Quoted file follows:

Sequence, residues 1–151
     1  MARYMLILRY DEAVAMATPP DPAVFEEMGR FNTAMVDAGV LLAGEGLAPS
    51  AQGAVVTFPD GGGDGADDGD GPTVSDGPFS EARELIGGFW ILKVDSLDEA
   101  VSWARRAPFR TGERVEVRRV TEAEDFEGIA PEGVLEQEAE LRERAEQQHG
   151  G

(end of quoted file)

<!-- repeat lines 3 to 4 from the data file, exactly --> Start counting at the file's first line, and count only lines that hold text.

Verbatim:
    51  AQGAVVTFPD GGGDGADDGD GPTVSDGPFS EARELIGGFW ILKVDSLDEA
   101  VSWARRAPFR TGERVEVRRV TEAEDFEGIA PEGVLEQEAE LRERAEQQHG